Do our federal courts, including the Supreme Court, lead or merely implement public policy? This is a critical question in the study and practice of law, with a long history of continued dispute and contradictory evidence. In Lighting the Way, Douglas Rice systematically examines both sides of this debate.
Introducing compelling new data on the policy focuses of federal courts, Rice presents the first long-term, comprehensive consideration of the judicial agenda. In doing so, he details the essential role of the Supreme Court and other federal courts in directing attention to issues in American politics through influential relationships with Congress, the presidency, and the public. The dynamics Rice illustrates grow from the strengths of political constituencies in various policy areas and the constitutional powers accorded to the courts. Lighting the Way provides strong evidence that, as long argued but never empirically demonstrated, the courts systematically lead the attention of other institutions on civil rights. The research speaks to a broad and growing literature in political science and sociolegal research on the interactive nature of policymaking and the critical role of legal institutions and social movements in shaping policy agendas.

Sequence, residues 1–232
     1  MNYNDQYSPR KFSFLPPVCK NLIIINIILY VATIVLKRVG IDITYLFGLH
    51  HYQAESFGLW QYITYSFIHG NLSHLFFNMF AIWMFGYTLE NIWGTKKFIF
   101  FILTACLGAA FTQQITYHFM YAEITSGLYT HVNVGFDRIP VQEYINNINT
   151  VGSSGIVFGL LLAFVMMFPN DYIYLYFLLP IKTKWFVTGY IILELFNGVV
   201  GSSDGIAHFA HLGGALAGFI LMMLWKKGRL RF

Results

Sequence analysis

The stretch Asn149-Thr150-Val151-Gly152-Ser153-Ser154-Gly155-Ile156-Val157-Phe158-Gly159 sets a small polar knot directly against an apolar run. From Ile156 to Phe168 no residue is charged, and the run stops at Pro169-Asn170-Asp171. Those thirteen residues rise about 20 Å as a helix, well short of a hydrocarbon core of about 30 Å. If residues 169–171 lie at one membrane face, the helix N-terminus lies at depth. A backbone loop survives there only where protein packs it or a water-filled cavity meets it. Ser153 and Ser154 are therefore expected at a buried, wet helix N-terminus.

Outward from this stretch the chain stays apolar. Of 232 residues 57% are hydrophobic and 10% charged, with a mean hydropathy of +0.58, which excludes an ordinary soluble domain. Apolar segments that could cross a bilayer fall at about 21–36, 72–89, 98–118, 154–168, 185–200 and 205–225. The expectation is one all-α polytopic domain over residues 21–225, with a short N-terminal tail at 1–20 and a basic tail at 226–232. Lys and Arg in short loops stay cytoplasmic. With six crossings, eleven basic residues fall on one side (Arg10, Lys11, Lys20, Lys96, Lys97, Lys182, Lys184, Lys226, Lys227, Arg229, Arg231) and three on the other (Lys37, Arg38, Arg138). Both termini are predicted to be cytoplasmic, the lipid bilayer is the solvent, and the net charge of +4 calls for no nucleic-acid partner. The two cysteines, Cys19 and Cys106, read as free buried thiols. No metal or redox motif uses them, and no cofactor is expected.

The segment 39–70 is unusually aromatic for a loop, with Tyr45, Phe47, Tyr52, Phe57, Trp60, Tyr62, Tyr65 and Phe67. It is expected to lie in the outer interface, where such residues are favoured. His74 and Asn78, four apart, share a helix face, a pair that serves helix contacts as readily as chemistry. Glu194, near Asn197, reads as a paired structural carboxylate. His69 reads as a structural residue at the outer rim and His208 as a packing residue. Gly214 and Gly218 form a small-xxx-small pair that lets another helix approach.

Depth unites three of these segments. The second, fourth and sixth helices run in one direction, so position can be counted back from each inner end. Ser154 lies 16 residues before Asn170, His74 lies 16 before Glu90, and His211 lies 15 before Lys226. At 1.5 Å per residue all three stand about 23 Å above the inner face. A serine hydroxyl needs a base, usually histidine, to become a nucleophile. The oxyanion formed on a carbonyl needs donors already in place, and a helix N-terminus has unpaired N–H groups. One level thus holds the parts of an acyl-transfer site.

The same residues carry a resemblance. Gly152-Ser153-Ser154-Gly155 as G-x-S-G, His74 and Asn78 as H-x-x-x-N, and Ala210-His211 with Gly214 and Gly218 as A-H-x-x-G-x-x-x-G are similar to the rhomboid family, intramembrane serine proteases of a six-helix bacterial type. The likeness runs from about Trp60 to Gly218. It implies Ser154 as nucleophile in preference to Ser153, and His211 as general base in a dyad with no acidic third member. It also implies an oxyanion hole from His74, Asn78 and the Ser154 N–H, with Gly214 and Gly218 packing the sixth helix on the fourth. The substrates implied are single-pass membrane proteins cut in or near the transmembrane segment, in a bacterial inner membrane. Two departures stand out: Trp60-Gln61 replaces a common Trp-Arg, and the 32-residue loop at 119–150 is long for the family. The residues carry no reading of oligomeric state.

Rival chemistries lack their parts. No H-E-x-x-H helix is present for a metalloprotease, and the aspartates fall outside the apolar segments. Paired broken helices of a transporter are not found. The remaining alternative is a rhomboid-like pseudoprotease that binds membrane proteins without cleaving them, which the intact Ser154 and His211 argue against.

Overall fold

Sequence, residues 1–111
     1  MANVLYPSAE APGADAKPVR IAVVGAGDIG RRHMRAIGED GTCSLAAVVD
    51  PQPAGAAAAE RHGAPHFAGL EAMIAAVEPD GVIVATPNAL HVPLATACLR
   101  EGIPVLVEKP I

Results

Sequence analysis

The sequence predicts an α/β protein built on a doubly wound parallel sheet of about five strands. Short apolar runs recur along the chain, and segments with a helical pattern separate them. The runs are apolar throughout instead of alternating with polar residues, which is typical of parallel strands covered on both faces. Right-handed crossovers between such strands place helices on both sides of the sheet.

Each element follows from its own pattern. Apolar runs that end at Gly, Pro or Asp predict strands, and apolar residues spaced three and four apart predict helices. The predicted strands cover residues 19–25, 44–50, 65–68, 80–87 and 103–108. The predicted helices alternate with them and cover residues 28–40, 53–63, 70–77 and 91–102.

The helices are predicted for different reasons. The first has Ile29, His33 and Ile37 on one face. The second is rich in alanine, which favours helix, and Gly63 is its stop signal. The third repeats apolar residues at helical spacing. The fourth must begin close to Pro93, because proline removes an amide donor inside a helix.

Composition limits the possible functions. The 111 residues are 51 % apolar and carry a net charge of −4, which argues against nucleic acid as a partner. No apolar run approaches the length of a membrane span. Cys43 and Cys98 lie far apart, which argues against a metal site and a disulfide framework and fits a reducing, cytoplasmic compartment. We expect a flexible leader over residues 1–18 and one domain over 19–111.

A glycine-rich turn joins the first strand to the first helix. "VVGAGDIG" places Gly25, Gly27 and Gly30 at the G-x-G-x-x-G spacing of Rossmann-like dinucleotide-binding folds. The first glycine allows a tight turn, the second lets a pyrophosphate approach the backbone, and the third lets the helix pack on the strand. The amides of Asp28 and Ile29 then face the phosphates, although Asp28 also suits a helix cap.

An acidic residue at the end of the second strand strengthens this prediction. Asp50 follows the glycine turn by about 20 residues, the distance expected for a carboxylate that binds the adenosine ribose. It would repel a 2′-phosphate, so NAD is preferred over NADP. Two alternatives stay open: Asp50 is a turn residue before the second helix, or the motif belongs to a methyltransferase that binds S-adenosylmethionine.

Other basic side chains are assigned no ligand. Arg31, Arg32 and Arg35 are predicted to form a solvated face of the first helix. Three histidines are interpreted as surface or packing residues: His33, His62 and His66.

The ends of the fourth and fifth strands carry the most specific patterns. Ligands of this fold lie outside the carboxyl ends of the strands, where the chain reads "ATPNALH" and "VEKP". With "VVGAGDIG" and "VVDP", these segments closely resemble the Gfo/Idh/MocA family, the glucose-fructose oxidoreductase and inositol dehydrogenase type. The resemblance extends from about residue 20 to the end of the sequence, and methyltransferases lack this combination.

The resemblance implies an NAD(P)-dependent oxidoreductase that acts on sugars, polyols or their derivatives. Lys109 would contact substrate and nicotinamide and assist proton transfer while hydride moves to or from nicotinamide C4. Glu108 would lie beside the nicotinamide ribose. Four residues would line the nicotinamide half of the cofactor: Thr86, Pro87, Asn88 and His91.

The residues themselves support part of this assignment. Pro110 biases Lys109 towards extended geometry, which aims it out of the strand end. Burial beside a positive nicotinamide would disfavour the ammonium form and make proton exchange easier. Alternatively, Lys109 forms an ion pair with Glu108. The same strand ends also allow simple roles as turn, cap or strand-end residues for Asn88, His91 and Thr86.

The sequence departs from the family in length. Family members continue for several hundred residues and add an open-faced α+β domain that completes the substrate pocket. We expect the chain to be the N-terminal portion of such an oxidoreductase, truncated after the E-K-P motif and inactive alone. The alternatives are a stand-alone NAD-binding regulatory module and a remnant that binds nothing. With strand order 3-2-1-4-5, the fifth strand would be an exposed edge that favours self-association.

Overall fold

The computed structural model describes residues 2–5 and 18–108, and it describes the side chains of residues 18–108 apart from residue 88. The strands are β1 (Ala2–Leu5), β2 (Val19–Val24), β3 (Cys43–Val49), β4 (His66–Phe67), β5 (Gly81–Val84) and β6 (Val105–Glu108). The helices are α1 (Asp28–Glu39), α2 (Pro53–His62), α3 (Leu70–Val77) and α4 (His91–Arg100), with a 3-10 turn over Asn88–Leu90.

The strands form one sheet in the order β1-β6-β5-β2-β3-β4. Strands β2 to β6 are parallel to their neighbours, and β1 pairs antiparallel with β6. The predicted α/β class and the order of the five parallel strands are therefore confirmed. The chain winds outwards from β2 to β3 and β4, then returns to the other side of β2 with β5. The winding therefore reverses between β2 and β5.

Thoughtfully integrating research, policy models, and analysis in an original conceptual framework, Rice offers a rigorous and timely assessment of the agenda-setting role of courts in the American political system.
Rice’s Lighting the Way ambitiously addresses two important substantive holes in what we know about the impact of federal courts on public policy.... [H]is book provides a truly significant contribution and one that over-performs relative to its comparatively short length. As a result, Rice’s Lighting the Way is a book that everyone needs to incorporate into their teaching, thinking, and writing about judicial impact.